Then there was Mickey Mantle, whose early combination of speed and power made the baseball gods blink. One April day in 1953, left-hander Chuck Stobbs of the Senators attempted to throw a fastball past the 22-year-old switch-hitter at Griffith Stadium. Bad mistake. The ball soared over 50 or so rows of bleachers, ticked the edge of a beer sign atop them in left-center field and disappeared into the streets beyond. A couple of press box types who had not majored in math found the mashed sphere in somebody's yard, offered the homeowner a few bucks and estimated the clout's distance at 565 feet. It could have been 665, for that matter. No one will ever know.
A few years later, just to prove it was no accident, Mantle came within a few feet of becoming the first man to hit a ball out of Yankee Stadium (it struck the ornamental faade just below the right-field roof). The Mick was batting left-handed this time against another hapless Washington pitcher, Pedro Ramos, Perhaps the Senators were seeking greatness through association.
Because of too much scotch and too many injuries, Mantle never really threatened home run records; his single-season high was 54 the year that Maris hit 61. Nor did Williams, very likely second only to Ruth among the game's greatest hitters.
Teddy Ballgame was more than a home run hitter, as his lifetime batting average of .344 attests. Yet he well might have beaten Ruth's career mark had he not lost the equivalent of four full seasons serving as a Marine fighter pilot in World War II and Korea.
Oddly, by today's inflated standards, Williams never hit more than 43 in a season. Yet three of his remain among the most famous, two of them in All-Star Games. In 1941, at a time when the erstwhile Midsummer Classic still meant something in terms of league supremacy, Williams drove a pitch from Claude Passeau onto the roof of Detroit's Briggs Stadium with two out in the bottom of the ninth for a three-run swat that gave the American League a 7-5 victory. Ted, who really was The Kid in those days, laughed joyously and clapped his hands as he rounded the bases. Thus energized, he went on to bat .406 for the season.
Five years later, with the AL leading 9-0 in the eighth inning at his own Fenway Park, Williams measured the supposedly unhittable "eephus" blooper pitch tossed by Pittsburgh's Rip Sewell and smashed it far over the right-field wall for another three-run homer. This time Ted laughed uproariously on his trip around the bases.
But Williams saved his best for last home run No.521 on his final career at-bat, against Baltimore's Jack Fisher on Sept. 28, 1960. After Ted returned to the dugout, the fans begged him for several minutes to come out for a curtain call. Williams refused because, as John Updike surmised in a memorable New Yorker magazine piece, "gods do not answer letters."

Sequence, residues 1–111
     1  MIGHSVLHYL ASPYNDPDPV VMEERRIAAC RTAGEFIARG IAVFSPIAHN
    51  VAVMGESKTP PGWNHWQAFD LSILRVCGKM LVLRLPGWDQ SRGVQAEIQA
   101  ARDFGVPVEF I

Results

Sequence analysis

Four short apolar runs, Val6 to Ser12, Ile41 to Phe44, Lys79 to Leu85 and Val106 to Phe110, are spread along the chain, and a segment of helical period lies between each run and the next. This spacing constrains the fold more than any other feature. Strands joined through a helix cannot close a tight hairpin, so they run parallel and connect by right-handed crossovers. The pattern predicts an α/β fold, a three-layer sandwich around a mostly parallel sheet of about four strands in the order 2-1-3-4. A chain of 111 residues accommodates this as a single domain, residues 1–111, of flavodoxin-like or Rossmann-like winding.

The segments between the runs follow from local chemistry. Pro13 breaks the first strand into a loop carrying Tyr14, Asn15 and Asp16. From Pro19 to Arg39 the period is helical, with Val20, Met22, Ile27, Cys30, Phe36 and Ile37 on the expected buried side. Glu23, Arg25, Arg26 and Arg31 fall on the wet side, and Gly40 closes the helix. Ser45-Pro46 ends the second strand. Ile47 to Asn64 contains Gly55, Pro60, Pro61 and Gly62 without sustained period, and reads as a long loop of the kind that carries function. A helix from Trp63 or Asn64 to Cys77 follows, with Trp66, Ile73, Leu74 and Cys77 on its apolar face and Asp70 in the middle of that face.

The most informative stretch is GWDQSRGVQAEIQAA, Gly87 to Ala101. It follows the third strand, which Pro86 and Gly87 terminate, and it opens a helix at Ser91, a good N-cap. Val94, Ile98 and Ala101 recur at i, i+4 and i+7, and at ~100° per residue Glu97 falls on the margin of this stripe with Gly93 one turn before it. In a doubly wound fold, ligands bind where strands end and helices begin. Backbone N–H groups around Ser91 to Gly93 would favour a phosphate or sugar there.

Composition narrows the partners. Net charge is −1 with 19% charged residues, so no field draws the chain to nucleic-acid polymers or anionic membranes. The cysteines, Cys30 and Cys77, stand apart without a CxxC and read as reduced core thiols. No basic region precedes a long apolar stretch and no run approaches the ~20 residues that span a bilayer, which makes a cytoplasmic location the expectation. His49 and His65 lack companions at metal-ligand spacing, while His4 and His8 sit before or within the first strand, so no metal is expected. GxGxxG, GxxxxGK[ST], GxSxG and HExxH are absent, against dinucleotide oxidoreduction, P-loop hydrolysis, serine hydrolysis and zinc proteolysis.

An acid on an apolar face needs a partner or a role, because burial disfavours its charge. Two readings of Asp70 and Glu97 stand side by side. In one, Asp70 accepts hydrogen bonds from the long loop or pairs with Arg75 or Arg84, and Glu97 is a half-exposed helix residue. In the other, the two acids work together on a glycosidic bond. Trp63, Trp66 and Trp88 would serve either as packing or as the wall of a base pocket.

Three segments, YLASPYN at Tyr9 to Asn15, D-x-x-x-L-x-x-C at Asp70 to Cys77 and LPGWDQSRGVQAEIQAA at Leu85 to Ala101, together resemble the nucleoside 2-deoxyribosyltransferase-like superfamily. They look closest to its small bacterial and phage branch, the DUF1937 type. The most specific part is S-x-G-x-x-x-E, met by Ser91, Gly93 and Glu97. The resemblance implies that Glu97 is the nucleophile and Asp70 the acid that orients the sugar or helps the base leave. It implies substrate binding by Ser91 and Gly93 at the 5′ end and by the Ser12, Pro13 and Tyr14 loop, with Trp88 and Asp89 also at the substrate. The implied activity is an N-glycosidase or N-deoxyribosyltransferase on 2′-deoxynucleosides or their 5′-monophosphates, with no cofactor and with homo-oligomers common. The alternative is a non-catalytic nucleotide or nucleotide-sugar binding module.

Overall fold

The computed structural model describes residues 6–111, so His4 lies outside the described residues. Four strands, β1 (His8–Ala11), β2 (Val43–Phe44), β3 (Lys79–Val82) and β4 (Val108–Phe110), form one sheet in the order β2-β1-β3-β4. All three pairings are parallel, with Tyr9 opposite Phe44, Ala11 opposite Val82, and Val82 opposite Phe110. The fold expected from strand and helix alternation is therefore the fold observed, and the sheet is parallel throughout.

It was baseball's best parting shot ever. Now, though, the home run is so common that it may be difficult to distinguish between the truly and briefly notable. Is there a bigger irony in baseball history than the fact that career line-drive hitter Brady Anderson somehow cranked out 50 homers for the Baltimore Orioles in 1996 a level unattained by such Hall of Famers as Williams, Aaron, Jackson, Stan Musial, Ernie Banks, Joe DiMaggio, Lou Gehrig, Rogers Hornsby, Harmon Killebrew, Mel Ott, Frank Robinson or Mike Schmidt?
In fact, hitting 50 used to be rare enough to earn big, fat headlines across the country. Before the unlamented Albert Belle did it for Cleveland in 1995, only Detroit's Cecil Fielder (51 in 1990) had topped the formerly magic mark since 1977. If you can remember the last National Leaguer to get 50 before McGwire, Sosa and Bonds, you rate high in the trivia/useless information department: Cincinnati's George Foster, with 52 in '77.
All sorts of explanations have been offered for the home run explosion, among them thinner bats, smaller ballparks, livelier balls and pitchers who lack control. Regardless, we may be approaching the point where homers, unless of the walk-off variety, will be greeted with a collective yawn as too much of a dandy thing.
Drawing comparisons between the dead-ball era and today tend to be ludicrous, but I can't resist. In 1906, the mighty Chicago Cubs won a regular-season record 116 games and hit a total of 20 home runs in 155 games. In the only Big Shoulders World Series ever, they lost in six mostly astonishing games to the "Hitless Wonders" White Sox, who hit seven in 154 games.
Want more? In 1924, when the ball had been pepped up and Ruth was entrancing millions, the Senators won their only World Series with 22 regular-season homers. Did anybody care that the Nats were Punchless-and-Judy hitters? They won, which is all that mattered.
Nobody would deny that home runs can be exciting, but they're hardly a big deal anymore. Maybe what the media and fans need to concentrate on is the infrequent triple. The ball rattles around the fence, the outfielder relays to the cut-off man, and the runner dives into third just ahead of the throw. Now that's exciting.